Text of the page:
This is going to be a long term prediction much like the one that Dave Winer made with Martin Nisenholtz of the New York Times about RSS but I think that the possibility of 2008 being the beginning of when Microsoft will start to feel the shift of consumers away from both the operating system and Office suite.
While their enterprise market share will be safe for a very long time the same cannot be said for the general consumer market and while Google Apps may be the winner on the web side of things I believe the really big winner will be Apple.
I’ve been around for computers for a very long time and of that Microsoft has been my only platform; other than the occasional foray into the different flavors of Linux, for that time. I remember when Apple was declared dead and buried. I remember as well all the snickering when it was announced that Steve Jobs was returning to bring Apple back from the dead and here we are at the end of 2007 and Apple is far from being dead and buried.
As MG Siegler points out in two posts today on his ParisLemon blog Apple has sold 5 million iPhones in six months and that he believes this is just the first step to mobile computing exploding in 2008 with Apple leading the way. This may be true; and I don’t doubt that the iPhone will make us rethink the whole mobile computing landscape, but I also think that we will see a growing movement to the Mac as a preferred consumer desktop.
For this Microsoft only has themselves to blame and for a number of reasons other than the typical anti-Microsoft fanboy type of nonsense. The main reason though is because of the concentration on their enterprise business and the cash cow that it is the consumer has begun to feel like an over used hooker on a Friday night with nothing other than some bloated eye candy to show for it.
But the real blow to Microsoft had to be the release of Vista this year and the great big thud that was heard echoing everywhere in the weeks after the WOW campaign failed to get Windows users all hot and bothered. It even got to the point that Microsoft had to back step on its usual policy of killing off the previous version of Windows to OEMs. At the point when XP should have been marking its retirement date on the calendar Microsoft had to breathe some more life into it.
During all this Apple brings OS X Leopard to the marketplace and even though it too had its problems the anticipation for it was palatable with just about everyone in the tech blogosphere talking about it. This was one of the first times that I had ever seen such interest outside of the Mac community over a release.
The other big thing that has worked in Apple’s favor is the fact that with recent versions of the OS X platform the ease of being able to run Windows and all its applications from within OS X has never been simpler. No longer are users feeling tied to running just Windows in order to do what they want. Along with this is the rising popularity of the Apple laptops which have seen the largest increase in sales in the laptop market.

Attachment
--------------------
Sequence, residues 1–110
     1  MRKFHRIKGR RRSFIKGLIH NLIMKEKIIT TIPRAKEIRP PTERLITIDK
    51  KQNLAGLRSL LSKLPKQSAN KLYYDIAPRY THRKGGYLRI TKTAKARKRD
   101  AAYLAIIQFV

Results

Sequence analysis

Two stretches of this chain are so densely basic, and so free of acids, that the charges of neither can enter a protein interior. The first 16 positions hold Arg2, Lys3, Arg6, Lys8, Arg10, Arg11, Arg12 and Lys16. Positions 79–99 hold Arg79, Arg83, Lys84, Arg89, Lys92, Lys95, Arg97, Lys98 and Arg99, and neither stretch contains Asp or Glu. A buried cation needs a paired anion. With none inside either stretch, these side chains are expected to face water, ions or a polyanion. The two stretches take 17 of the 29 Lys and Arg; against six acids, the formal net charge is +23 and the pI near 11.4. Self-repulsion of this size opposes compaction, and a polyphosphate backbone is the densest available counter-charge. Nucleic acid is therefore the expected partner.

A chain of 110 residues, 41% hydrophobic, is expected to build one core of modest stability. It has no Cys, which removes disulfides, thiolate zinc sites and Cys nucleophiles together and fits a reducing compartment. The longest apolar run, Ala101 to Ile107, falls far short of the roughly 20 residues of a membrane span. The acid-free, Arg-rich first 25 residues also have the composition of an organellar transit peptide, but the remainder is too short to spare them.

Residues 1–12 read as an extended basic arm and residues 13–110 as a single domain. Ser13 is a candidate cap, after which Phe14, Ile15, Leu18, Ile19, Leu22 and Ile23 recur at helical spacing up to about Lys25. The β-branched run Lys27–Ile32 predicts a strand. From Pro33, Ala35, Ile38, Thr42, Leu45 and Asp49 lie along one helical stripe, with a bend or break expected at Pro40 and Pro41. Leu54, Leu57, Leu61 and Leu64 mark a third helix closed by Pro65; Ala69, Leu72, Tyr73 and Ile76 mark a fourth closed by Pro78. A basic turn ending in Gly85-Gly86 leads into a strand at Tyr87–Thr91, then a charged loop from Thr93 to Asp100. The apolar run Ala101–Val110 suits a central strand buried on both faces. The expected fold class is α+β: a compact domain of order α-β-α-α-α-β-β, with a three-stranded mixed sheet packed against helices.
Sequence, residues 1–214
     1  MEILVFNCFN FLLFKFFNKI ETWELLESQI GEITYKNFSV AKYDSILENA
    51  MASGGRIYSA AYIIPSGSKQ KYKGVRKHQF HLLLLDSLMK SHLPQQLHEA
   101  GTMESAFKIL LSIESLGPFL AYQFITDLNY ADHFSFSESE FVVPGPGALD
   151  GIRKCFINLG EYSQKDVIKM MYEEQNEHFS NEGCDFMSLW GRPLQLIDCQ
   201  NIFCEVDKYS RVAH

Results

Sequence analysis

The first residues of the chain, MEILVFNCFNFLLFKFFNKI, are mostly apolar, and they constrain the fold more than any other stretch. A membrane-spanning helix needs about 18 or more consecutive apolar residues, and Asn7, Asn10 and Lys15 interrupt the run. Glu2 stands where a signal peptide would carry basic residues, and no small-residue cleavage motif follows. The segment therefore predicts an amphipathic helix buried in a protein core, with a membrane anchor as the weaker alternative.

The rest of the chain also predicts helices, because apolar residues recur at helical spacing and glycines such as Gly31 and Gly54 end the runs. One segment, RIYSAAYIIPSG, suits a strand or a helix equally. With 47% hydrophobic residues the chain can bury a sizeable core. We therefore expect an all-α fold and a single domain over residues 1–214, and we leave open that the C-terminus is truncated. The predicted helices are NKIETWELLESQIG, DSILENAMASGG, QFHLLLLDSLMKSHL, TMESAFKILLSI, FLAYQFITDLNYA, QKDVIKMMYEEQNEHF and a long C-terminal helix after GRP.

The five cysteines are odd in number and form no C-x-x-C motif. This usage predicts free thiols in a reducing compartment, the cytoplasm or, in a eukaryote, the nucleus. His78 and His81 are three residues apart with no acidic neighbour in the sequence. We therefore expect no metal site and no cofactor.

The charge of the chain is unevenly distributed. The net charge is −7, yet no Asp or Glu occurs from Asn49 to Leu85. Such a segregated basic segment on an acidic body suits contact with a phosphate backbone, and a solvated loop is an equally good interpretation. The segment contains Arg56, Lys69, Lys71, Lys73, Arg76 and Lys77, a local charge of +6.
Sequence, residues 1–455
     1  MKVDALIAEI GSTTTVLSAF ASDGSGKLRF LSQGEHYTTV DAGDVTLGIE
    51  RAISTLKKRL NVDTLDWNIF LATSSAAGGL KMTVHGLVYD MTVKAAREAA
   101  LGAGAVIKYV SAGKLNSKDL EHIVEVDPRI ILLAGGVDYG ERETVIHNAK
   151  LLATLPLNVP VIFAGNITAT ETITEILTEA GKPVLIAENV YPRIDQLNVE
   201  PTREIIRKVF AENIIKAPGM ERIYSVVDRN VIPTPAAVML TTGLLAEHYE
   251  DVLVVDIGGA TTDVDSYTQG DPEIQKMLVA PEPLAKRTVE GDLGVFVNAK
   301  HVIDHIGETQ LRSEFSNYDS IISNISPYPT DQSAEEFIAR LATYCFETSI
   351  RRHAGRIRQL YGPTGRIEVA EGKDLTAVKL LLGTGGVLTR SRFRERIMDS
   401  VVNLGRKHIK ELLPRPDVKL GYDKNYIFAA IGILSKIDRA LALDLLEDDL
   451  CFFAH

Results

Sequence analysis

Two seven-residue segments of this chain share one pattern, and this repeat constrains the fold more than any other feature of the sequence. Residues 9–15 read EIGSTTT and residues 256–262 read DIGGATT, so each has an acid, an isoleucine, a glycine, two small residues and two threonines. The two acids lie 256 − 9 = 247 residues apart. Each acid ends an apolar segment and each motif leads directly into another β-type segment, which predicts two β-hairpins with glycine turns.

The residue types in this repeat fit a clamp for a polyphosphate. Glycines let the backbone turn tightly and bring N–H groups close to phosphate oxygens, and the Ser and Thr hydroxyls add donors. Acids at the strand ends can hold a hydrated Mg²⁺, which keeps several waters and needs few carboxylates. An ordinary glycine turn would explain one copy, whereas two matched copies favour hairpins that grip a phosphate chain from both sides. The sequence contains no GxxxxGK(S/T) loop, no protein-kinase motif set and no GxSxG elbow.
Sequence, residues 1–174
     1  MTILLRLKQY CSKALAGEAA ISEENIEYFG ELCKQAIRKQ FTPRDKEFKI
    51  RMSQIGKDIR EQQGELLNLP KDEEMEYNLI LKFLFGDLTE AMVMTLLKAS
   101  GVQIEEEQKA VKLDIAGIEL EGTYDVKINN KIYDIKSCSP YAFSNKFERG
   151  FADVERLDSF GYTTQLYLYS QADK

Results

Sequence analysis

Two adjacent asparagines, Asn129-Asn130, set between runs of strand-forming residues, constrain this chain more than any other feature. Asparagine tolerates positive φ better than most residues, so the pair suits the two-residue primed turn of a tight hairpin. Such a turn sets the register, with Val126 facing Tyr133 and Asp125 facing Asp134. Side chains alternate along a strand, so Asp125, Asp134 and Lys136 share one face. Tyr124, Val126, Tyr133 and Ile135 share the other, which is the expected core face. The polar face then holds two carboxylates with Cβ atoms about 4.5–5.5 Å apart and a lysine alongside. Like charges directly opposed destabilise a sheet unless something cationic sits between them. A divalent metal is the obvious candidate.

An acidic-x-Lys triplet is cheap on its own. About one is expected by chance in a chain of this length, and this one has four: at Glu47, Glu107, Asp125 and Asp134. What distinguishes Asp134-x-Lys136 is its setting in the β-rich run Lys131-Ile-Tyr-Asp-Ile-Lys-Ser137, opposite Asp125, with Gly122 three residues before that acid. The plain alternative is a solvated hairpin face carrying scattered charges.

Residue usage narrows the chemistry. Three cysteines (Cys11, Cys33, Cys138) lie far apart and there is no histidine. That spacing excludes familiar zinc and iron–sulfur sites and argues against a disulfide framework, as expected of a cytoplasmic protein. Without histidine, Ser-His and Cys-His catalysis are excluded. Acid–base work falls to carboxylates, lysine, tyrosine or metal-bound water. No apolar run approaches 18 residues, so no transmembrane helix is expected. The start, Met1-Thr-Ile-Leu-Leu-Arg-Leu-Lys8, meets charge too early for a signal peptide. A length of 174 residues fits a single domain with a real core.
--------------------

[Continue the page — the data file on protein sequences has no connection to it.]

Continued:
While Microsoft may consider its core business being corporations and their massive workforces Apple is all about the consumer. From the iPod right through to the MacBook Apple has shown that the consumer wants more than just a collection of parts that runs the latest flavor of Windows on it. Granted you can’t blame Microsoft for the ugliness of the typical PC box that gets shipped out but that doesn’t change the fact that people want something more than a utilitarian desktop.
The consumer market may only be the gravy for Microsoft’s business but that gravy is starting to seriously look elsewhere. Sure Vista maybe a stellar product but the fact is that people are coming to realize that it isn’t the only kid on the block anymore. they are beginning to see that like the iPod they can have function and form and not be consistently gouged in the pocketbook for forever growing bloated software.
They are beginning to see that they have an alternative and that is one that doesn’t require running Windows. So while Microsoft continues to chalk up its volume licensing deals with corporations the consumer is beginning to step out from the weight and expense of Windows. This consumer marketplace is Microsoft’s to lose and I only hope is that MinWin (Windows 7) is where the real WOW is and that it comes to market before the shift become more substantial.
Oh and yes I am a once Vista but now XP user and have been a faithful Microsoft customer since my first day on a computer.